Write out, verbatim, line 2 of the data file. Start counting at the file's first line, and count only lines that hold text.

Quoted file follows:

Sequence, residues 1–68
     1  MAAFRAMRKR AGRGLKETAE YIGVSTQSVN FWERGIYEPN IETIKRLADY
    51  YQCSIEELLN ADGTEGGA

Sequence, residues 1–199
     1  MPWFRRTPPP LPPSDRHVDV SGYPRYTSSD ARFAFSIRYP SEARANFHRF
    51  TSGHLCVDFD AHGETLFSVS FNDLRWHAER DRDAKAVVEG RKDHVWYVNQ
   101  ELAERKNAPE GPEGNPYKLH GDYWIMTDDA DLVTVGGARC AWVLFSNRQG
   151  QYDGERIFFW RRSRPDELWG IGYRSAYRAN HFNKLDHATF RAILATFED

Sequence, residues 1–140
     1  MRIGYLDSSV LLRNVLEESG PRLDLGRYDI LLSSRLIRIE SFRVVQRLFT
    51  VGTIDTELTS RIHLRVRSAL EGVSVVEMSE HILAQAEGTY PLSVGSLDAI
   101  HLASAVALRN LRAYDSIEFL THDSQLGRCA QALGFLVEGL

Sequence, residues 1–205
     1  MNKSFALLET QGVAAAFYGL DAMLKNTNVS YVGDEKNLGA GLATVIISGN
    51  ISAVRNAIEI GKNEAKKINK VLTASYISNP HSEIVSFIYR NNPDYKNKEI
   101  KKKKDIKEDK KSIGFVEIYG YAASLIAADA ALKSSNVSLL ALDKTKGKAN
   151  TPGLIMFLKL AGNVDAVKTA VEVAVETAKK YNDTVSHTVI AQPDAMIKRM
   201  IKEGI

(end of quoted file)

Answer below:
     1  MAAFRAMRKR AGRGLKETAE YIGVSTQSVN FWERGIYEPN IETIKRLADY